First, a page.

The introduction of the shared parking system would affect the financial operations of the organisation because it requires a re-design of the company’s payment system. For example, 100 employees could share about 70 parking spaces, instead of 100 parking spaces. This system is an inexpensive strategy of solving Abu Dhabi’s parking problems. Say, if an employee went on leave, he could leave his parking spot for another employee. This system would also introduce a new framework for billing customers because it will mark the departure from a reserved parking system to a shared parking system. Besides the finance and operations departments, the marketing department would accommodate similar changes according to the second recommendation outlined below
Improve User Information and Marketing
Motorists in Abu Dhabi always complain of inadequate parking (Ismail, 2). Improving user information regarding the available parking spaces would improve the efficiency of the parking management system because it would inform customers about the available parking spaces (that they do not see). The diagram below explains how this recommendation would suffice
The proposed methodology (above) reflects the views of Litman (21), which affirm that many parking problems often arise from inadequate user information. MAWAQIF (1) could avail this information by developing electronic guidance systems for updating customers about the available parking spots.
This paper sought to review the progress of MAWAQIF (1) (regarding its ability to address Abu Dhabi’s parking challenges). From this background, this paper relied on core strategic management concepts to review the organisation’s internal and external environments.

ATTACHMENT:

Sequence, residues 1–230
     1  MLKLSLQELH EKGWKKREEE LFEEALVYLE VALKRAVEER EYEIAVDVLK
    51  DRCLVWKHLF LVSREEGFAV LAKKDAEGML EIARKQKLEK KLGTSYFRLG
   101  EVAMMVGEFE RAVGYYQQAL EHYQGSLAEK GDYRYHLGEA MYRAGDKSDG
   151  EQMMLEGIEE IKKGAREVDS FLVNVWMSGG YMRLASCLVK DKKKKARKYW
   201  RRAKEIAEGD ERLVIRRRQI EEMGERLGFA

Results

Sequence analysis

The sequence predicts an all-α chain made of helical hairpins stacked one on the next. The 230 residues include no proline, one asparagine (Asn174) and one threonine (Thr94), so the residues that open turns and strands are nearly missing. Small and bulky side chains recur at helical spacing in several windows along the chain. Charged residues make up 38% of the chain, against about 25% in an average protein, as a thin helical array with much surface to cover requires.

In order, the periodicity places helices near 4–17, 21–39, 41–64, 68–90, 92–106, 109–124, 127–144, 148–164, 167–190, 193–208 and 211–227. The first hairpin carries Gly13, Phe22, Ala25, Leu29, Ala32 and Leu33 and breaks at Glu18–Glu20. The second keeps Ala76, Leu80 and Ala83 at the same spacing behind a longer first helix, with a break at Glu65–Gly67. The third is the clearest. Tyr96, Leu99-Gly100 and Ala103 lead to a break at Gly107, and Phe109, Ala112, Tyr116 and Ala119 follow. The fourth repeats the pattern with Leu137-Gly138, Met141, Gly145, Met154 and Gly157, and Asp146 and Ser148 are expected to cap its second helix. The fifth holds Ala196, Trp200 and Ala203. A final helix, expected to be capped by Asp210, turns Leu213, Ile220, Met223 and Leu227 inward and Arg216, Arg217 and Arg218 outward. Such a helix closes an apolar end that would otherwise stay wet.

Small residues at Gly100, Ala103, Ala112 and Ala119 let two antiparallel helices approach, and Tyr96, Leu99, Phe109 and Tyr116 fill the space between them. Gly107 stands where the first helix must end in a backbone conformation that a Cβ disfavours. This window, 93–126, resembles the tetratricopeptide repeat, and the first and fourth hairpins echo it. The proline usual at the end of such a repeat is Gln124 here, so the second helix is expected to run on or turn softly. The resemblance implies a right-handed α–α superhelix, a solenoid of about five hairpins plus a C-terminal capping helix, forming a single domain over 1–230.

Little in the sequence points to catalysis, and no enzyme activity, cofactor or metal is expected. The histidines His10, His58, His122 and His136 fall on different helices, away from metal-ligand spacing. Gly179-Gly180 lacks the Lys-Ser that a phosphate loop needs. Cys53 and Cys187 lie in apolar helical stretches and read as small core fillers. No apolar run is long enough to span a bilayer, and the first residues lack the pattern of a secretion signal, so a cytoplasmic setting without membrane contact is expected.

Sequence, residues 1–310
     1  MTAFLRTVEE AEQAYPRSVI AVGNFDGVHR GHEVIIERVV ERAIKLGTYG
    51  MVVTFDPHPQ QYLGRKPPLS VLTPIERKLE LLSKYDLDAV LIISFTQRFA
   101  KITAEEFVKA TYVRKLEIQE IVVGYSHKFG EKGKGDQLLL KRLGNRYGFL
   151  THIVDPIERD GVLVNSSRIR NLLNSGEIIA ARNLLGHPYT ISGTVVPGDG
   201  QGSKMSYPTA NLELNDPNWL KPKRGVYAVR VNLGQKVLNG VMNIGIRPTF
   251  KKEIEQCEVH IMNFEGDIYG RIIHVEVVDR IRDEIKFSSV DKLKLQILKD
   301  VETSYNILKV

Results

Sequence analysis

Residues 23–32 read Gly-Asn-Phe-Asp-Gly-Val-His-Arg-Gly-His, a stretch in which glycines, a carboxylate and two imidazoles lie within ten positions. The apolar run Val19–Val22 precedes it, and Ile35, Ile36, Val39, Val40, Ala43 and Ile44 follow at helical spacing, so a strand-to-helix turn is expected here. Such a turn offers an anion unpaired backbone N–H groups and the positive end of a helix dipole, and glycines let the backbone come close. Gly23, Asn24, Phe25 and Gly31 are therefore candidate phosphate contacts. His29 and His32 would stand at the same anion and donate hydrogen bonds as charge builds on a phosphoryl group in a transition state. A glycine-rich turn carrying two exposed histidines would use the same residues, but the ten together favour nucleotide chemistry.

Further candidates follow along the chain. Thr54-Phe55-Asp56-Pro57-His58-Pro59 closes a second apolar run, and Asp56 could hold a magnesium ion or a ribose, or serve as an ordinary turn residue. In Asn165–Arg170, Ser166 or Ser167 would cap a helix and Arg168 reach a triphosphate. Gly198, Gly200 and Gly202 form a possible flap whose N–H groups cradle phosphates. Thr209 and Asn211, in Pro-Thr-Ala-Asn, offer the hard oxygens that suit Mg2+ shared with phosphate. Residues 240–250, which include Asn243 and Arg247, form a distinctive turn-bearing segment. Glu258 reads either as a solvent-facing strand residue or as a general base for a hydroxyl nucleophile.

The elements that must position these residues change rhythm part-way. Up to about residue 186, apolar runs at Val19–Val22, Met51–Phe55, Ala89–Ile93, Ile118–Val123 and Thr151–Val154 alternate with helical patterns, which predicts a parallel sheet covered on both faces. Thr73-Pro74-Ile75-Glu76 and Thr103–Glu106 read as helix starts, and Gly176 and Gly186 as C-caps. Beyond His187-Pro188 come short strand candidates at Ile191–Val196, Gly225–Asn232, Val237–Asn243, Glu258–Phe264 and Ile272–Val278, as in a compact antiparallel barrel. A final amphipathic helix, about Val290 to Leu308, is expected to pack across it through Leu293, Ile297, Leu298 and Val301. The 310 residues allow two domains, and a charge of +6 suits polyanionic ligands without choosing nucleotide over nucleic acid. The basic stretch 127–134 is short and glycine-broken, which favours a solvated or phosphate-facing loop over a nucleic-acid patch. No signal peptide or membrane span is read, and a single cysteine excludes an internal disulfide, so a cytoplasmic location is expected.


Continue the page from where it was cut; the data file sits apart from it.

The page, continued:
The PESTEL analysis explored the organisation’s external environment, while the SWOT analysis explored the organisation’s internal environment. Political goodwill emerged as the main external strength of the company, while exemplary customer service emerged as the company’s main internal strength. However, the failure of MAWAQIF (1) to operate optimally (lack of sufficient infrastructure to accommodate the rising demand for parking spaces) is the greatest weakness of the organisation.
This paper proposes the improvement of the company’s key competencies by redesigning its value chain process to overcome some of its organisational challenges. Improving user information and changing the organisation’s pricing strategies outline effective strategies that the organisation could use to achieve this objective. The position of MAWAQIF (1) as a government agency should help it to accommodate these changes, easily, because it does not experience significant competitive pressures that would result in a loss of market share if it fails to do so.
Comprehensively, MAWAQIF (1) should maintain its position, as the only government agency that manages public parking services in Abu Dhabi. Although the organisation enjoys the monopoly of managing public parking in Abu Dhabi, it should improve its services and resist dormancy. Indeed, the organisation needs to address Abu Dhabi’s parking challenges by being more innovative and proactive. Nonetheless, the company’s progress in this regard has been commendable.
Abu Dhabi Government. “Press Releases.” DoT. Abu Dhabi Government. 2014. Web.
DineshBakshi. “External environment factors.” DineshBakshi. DineshBakshi, 2014. Web.
Ismail, Manal. “Drivers Have Permits but Nowhere To Park.” The National. The National, 2011. Web.
Litman, Alexander. “Parking Management: Strategies, Evaluation and Planning.”
Victoria Transport Policy Institute. Victoria Transport Policy Institute, 2012. Web.
MAWAQIF. “Public Parking Control.” MAWAQIF. Department of Transport, 2014. Web.
Minarik, Martina. “Cost Leadership & Differentiation – An investigation of the fundamental trade-off between Porter’s cost leadership and differentiation strategies.” HHS. Stockholm School of Economics, 2007. Web.
Mind Tools. “Porter’s Generic Strategies.” Mind Tools. Mind Tools, 2014. Web.
Oman and Middle East Business News. “Abu Dhabi Parking System: MAWAQiF Delivers Exceptional Customer Service by Standardizing on Interactive Intelligence CIC Contact Center Solution.” Smart Oman. Oman and Middle East Business News, 2014. Web.